August 30, 2013

Scenes from an Oregon Garden: August 2013

I’ve never been good at remembering my camera. I almost always forget it when I head out for momentous occasions. Later, I tell myself I’m just the cool, laid-back type of person who can enjoy things in the moment; I don’t need pictures to create or appreciate memories. Really, though, I’m just absent-minded and in a panic that I’ll be late (I never am).

But when it comes to my garden? I often get so overwhelmed by the beauty and magic of it that I run in to grab my camera, snapping pictures of my plants like mad. I have the sense of not being able to believe how lovely everything is, and I need to record it. (I just saw a vision of myself as an 80-year-old woman flipping through photo albums of tomatoes, organized by decade. Sounds about right.) Some of these photos deserve to be shared, not just left in a remote digital folder of my laptop. So, here are some scenes from my Oregon backyard garden taken this month. By the way, almost all of this food is growing in two relatively small garden beds. See how much you can grow in a small space?! 

A nice head of broccoli, which has since been harvested:

A head of broccoli growing in a backyard garden

A bee on my flowering mint (this plant is loaded with buzzing bees all day long):

A honey bee on a flowering mint plant

‘Indigo Rose’ tomatoes, still ripening (a recent article I edited for work praised the health benefits of deep-purple tomatoes, so I’m especially excited to be growing these beauties):

Indigo Rose tomatoes on the vine in garden

Wild blackberries growing in the backyard (most people consider these a weed here in the Northwest, but I am happy to have and harvest these):

Blackberries in an Oregon backyard

A just-dug, just-washed harvest of ‘Blue Gold’ potatoes:

A harvest of Blue Gold potatoes

A cantaloupe maturing on the vine:

Cantaloupe on the vine in a garden

A patch of carrots:

A patch of carrots in a backyard garden

Two varieties of cucumbers, growing up tomato cages (letting your cucumber plants climb up something saves space):

Cucumbers climbing on tomato cages

Curly-leafed kale, which will be perfect for those kale chips I keep meaning to make:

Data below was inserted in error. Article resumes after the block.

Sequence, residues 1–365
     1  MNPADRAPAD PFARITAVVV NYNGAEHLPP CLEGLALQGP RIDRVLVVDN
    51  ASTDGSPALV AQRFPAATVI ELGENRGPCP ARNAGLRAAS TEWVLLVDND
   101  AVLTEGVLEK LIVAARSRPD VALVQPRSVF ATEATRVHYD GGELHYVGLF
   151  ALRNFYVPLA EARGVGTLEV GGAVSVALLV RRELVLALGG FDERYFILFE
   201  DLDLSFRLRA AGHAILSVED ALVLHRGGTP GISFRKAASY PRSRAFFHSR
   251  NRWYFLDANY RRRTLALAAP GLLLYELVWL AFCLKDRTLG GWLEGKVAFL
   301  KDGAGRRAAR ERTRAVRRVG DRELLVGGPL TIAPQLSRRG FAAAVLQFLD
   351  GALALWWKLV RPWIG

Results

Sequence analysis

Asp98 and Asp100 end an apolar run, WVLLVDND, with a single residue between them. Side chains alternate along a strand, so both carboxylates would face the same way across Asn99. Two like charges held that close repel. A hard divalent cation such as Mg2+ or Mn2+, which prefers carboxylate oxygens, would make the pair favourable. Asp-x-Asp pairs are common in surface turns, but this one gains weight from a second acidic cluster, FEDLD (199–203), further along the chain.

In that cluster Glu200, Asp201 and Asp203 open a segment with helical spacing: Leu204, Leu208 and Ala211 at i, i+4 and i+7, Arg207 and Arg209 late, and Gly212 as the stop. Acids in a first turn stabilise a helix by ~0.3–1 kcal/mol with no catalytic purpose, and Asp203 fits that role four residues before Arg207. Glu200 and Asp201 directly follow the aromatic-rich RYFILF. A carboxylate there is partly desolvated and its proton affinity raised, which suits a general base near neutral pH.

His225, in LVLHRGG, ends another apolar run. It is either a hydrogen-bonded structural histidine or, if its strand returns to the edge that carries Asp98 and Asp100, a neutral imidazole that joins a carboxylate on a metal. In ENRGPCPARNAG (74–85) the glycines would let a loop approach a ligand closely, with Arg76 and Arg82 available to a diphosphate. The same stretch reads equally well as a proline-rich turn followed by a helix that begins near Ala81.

Curly leafed kale in a garden

A patch of herbs, peppers and zinnias:

Herbs and zinnias in a garden

Green bell pepper on the vine, next to some rosemary:

Green bell pepper on plant in garden

Almost-ripe ‘Green Zebra’ tomatoes:

Close-up of Green Zebra tomatoes on vine

A patch of soon-to-be-pickled beets:

A patch of beets growing in a garden

Jalapeños on our lone hot-pepper plant:

Jalapeno peppers on plant in a garden

A just-washed harvest of purple carrots (some of these are quite small because deer ate the tops off of them):

Washing a harvest of purple carrots

Red leaf lettuce (leaf lettuce is my favorite type of lettuce, because you can just keep picking leaves off while letting the plants continue to grow):

A patch of red leaf lettuce in garden

‘Red Russian’ kale, which I’ve been loving chopped in scrambled eggs, quiches, and other dishes this year:

A Red Russian kale plant in garden

Sage growing in the one container I have planted:

A sage plant in a garden

Grape vines that have been growing on this property for years. These are white table grapes. I totally know how much we scored by getting a rental property with mature grape vines. I made raisins with these grapes last year, ate many fresh, and froze some for smoothies:

Grape vines from white table grapes in backyard

White table grapes, almost ready to be picked:

White table grapes on vine

Thanks for taking a look! Isn’t homegrown food gorgeous? And that’s not my doing—I give all the credit to the plants. If your first thought to browsing these images is, “Wow—I should really try to grow some stuff,” go for it! I double-dog dare you. 

Photos by Shelley Stonebrook

6 comments:

  1. Such a beautiful garden. I agree with you I am often overwhelmed at the beautiful colors and of course the nutritional benefits especially from healthy Heirloom Vegetables. Thank you for sharing those wonderful pictures.

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    1. Thanks for reading and taking a look, Troy!

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